There may be few more fascinating periods in music than the turn of the 20th century, when romanticism began giving way to impressionism, expressionism and all the other “isms” of the modern world. The fine young pianist Sara Daneshpour made that period the focus of a colorful and beautifully conceived concert at the American Art Museum on Sunday afternoon, tying the romantic lyricism of Granados and Franck to the tone-painting of Ravel and the raw explosiveness of Prokofiev — and playing it all with stunning virtuosity and verve.
A D.C. native still in her 20s, Daneshpour opened the afternoon quietly with a poised, utterly clear and graceful performance of Haydn’s Sonata in F Hob. XVI:16 — a delight to the ears, like virtually everything Haydn wrote. But the Haydn was merely a prelude to Maurice Ravel’s still-astonishing suite of tone poems, “Gaspard de la nuit.”
Written in 1908, it’s a masterpiece of early expressionism, from the shimmering water effects of “Ondine” to the tolling bells and morbid brooding of “Le gibet” (“The Scaffold”) and the taut, menacing “Scarbo” — not only one of the most colorful works in the piano literature (its range of sonorities is astounding), but also one of the most difficult to play. Daneshpour brought it off flawlessly, with both the virtuosic touch she had shown in the Haydn and a rich, imaginative sense of color and dramatic pace.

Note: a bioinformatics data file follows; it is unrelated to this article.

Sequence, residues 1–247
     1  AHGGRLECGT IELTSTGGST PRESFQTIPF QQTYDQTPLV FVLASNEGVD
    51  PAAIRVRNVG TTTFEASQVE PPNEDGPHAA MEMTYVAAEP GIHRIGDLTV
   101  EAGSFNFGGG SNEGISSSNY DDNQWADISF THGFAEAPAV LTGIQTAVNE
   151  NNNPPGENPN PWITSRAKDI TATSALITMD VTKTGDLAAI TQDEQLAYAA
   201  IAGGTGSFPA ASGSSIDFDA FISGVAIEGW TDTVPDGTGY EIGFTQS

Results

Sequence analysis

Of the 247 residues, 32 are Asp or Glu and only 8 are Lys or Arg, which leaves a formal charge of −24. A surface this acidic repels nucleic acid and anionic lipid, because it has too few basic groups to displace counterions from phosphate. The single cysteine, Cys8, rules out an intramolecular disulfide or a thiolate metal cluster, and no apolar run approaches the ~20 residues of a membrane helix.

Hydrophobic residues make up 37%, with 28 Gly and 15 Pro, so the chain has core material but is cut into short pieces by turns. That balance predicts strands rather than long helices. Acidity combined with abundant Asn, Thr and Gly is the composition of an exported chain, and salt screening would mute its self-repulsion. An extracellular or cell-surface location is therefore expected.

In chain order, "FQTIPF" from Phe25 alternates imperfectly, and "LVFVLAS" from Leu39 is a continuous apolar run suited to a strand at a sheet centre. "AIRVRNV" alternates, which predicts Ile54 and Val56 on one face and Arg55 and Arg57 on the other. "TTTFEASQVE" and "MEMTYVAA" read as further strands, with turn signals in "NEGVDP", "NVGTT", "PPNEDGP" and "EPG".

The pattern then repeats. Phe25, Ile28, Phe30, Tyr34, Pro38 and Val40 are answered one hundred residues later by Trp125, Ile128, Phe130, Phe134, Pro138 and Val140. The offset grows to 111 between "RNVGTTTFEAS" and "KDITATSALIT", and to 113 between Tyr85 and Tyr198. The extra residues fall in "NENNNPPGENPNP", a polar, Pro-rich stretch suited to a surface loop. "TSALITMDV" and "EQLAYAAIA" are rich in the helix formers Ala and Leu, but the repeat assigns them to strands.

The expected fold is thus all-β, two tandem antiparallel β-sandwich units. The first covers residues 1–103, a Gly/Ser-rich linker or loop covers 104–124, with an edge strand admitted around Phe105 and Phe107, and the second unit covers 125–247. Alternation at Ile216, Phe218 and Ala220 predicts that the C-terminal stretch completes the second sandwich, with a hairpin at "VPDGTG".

Sergei Prokofiev wrote his Toccata Op. 11 just a few years after Gaspard appeared, but it’s a much different work that builds driving, repeated notes into an unstoppable powerhouse. Daneshpour turned in one of the strongest and most purposeful readings you could hope to hear, throwing herself into the work for a bravura performance. But she showed a different side of herself in the more introspective “El Amor y la Muerta: Balada” (The Ballad of Love and Death”) by Enrique Granados, the fifth in his “Goyescas” piano suite of 1911. Deeply lyrical, suffused with sorrow and longing, it’s a work whose loose, unpredictable phrasing gives it an almost improvisational feel, and Daneshpour gave it a straight-from-the-heart reading.
Two earlier works — Alexander Scriabin’s “Sonata-Fantasy No. 2” from 1898, and Cesar Franck’s much-loved “Prelude, Chorale and Fugue” from 1884 — closed the program and linked it to late-19th century romanticism. The two-movement Scriabin sonata — a sort of tone poem evoking the ocean — is as impressionistic as it is romantic, and Daneshpour played it with extraordinary sensitivity and a subtle sense of color. Franck’s Bach-influenced “Prelude, Chorale and Fugue” is a masterpiece if there ever was one: intellectually weighty, emotionally complex, and containing an almost monumental sense of power. Daneshpour gave it superb reading, and when called back for an encore, she played a sonata by Domenico Scarlatti with all the deft precision and clarity she had brought to the Haydn.
Brookes is a freelance writer.